The conclusion is based on an analysis by Brodeur Partners and MavenMagnet of what is "relevant" in online brand conversation. The study measures brand resonance across thousands of online conversations.
"We wanted to go beyond speculation and opinion, and really see what drives online behavior, in this case, conversation, around different hotel brands," said Boston-based Brodeur Partners CEO Andy Coville in a release.
The “conversational relevance” scale is a measure of how much people are talking about a brand and how impactful and positive that conversation is. Brodeur and MavenMagnet parsed more than 18,000 online conversations between May 2012 and October 2012 across social networks, profiles, forums, news Web sites and blogs.
"We looked not only at practical considerations but at how the brands resonated with hotel guests' senses, values and social needs, which are the other dimensions of Brodeur's relevance model," said Jerry Johnson, Brodeur executive vice president of strategic planning, in a release. "When a brand is engaging all four dimensions, it inspires strong feelings and an abiding loyalty in those who experience it."
The group used proprietary technology to tap into the “collective intellect of engaged consumers” -- in this case, consumers sharing their experience about travel and hotels, said Aditya Ghuwalewala, founder of NewYork-based MavenMagnet.
The top hotel brands in the analysis displayed highly positive overall “conversational relevance” scores based on positive/negative buzz differential, with Hilton earning a 58% score followed by Marriott (56%) and Four Seasons (51%).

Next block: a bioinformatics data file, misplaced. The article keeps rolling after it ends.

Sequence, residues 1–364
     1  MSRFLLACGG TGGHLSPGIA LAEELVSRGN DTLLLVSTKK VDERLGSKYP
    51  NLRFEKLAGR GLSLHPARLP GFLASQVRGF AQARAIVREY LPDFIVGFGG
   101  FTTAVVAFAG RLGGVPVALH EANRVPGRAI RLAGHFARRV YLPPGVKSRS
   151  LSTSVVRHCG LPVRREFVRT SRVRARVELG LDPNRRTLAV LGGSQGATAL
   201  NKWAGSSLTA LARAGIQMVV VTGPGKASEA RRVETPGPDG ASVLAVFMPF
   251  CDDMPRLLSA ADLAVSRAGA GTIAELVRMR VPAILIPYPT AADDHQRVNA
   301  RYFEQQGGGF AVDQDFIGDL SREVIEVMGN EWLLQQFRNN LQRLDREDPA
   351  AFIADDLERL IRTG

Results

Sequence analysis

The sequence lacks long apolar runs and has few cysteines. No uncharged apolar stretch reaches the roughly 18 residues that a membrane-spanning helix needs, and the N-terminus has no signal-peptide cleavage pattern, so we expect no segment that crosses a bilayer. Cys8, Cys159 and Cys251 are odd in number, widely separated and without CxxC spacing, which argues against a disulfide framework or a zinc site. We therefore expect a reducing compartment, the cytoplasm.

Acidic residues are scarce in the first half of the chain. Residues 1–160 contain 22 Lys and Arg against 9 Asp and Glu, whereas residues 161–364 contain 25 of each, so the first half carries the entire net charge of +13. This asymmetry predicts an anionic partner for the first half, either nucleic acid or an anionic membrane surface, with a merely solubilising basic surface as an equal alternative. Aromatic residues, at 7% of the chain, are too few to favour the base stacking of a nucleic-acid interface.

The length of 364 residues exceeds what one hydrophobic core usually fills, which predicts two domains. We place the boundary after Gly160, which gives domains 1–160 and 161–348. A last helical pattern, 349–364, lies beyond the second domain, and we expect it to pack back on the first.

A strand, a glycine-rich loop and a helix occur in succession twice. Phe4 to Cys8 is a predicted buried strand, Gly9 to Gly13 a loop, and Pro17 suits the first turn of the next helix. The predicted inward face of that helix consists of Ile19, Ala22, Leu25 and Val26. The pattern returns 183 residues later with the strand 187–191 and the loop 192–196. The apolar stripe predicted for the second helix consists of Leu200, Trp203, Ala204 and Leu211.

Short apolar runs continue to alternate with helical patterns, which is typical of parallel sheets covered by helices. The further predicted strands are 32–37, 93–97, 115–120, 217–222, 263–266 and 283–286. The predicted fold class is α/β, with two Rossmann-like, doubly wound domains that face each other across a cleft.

The analysis also looked at each of the 10 brands' attributes through Brodeur's four relevance pathways: Functional, sensory, values and social.
Functional includes practical attributes people care about like service, location, rooms, recreation and rewards programs. Comments in this area dominated the conversation about hotels. Marriott, Hilton and Sheraton were the winners here.
Sensory covers attributes that appeal to all five senses like the view and water pressure in the shower (which surprisingly eclipses bed comfort in online attention). Ritz-Carlton and Hilton led the category.
Values includes attributes that reflect personal values such as the hotel's service ethic and commitment to indulging patrons. Four Seasons dominated. And finally, social covered attributes related to customer status, such as the brand's cachet. Four Seasons dominated here too.
The analysis further broke down results between leisure and business travelers. Room cleanliness, for example, means more to business travelers than leisure travelers. It's the other way around for recreation.